Installation - modelling clay, fabric, wood, acrylic paint.
Installation (modelling clay, fabric, wood, acrylic paint)

Today's Slovene society forgives all mistakes, sins, and delusions. All but the fact that someone is successful and rich, they say. No, we don't fancy our well-heeled neighbours. After all, they've most surely earned their money by fraud. God forbid they've even filled their pockets with trade, living off others. They are a bunch of freeloaders, uneducated and lethargic show-offs, and their golden touch might as well be just dead luck.

Stereotype or an attribute, you ask? I've got no idea. Can we truly and precisely describe a nation as a whole? Does more than half of the population have to exhibit a certain trait for it to be officially assigned to the "national character"? I wouldn't know. But I do know that numerous somewhat unfavourable notions about our fellow citizens, namely, excessive servility, envy and subordination to foreigners (as long as they are not coming from less developed countries, of course) are deeply integrated into our consciousness. So much so, that we've even invented words for people displaying these qualities that include the root morpheme of our demonym (Slovene = Slovenec -> slovenceljn, slovenuh) but add a distinctively pejorative connotation. You'll find it in our jokes, in our news, it's a part of every idle gossip, and you won't believe it, there is even a historical explanation for it. You see, for most of our time, we'd belonged to some other country's history. Aside from some brief periods and the last thirty years, we would succumb to other, more significant nations. Among us, predominantly peasants and serfs, we would sustain a more or less egalitarian relation. No one had much money or power, but at least we were all the same. When someone of our own would try to show any kind of virtuosity, we would make sure to quickly pull them back, before the occupier would. Then we suddenly became masters of our own fate. Naturally, some had to occupy more favourable positions, shaping a pyramidical society. By all means, personal friendships, political acquaintances, and so forth played a role. You could soon find someone way less educated and capable than you, rolling in it while you had to toil for your bread and butter. And no wonder you asked yourself, "why they and why couldn't that have been me?"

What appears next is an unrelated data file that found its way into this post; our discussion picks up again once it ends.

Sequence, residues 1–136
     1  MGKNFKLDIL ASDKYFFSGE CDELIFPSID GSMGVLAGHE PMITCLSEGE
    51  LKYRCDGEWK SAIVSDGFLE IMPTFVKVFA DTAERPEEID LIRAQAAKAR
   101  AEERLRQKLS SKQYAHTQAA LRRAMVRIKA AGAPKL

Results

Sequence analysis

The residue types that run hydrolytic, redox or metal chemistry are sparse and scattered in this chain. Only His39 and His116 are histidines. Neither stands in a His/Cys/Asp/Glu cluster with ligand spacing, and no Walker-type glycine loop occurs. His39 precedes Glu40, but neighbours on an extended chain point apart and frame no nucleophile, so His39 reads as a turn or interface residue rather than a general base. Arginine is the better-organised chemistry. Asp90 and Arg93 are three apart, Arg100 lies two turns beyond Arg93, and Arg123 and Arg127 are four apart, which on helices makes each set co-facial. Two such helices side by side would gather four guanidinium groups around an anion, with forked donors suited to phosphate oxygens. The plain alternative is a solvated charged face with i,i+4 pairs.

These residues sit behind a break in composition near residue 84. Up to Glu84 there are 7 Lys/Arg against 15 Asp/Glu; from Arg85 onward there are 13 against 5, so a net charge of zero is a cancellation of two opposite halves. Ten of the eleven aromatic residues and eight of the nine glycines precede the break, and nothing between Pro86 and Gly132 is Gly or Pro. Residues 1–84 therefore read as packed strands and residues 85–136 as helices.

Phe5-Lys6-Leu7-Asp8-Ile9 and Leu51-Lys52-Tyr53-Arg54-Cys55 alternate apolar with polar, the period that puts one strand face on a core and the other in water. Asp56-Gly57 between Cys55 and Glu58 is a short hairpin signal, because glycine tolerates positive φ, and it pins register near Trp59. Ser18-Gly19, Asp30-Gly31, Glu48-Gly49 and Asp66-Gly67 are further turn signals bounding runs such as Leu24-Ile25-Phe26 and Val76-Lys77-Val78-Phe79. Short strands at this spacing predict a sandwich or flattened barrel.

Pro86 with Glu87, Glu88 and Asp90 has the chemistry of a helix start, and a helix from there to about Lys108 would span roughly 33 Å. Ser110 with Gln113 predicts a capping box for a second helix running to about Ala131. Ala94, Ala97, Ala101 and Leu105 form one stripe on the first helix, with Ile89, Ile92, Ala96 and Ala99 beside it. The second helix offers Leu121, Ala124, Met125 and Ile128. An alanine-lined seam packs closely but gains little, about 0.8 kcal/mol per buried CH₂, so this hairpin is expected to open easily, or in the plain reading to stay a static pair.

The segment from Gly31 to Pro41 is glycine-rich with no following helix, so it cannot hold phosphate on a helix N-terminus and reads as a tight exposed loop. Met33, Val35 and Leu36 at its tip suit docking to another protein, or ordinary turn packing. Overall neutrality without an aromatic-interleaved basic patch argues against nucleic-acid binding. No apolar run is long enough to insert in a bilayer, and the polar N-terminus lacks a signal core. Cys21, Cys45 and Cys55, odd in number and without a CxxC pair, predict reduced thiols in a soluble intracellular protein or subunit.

The installation features five seating figures representing the national character. Bellow, there are five hanged figures, each possessing a feature that could trigger feelings of jealousy (painted in gold). The sixth figure managed to save themself, despite the wealth and fame, climbing back the ladder of acceptance, taking the only way back - making a fool of themself.

Whose are these faces?

Who else would be a better representation of a stereotype or national character than an average specimen? I took it literally, creating two faces (a man and a woman) using computer software and a number of portraits (members of the parliament may not be the most average people, but it is what I had at hand). I named them with most common names and surnames found on the website of the Statistical Office of the Republic of Slovenia. I added hair and body in Photoshop using computer-generated portraits as a base. They are completely fake, an overgeneralized collage that doesn't exist in flesh. Merely a projection of a national characteristic which too can't exist in a physical form or be explained by one individual.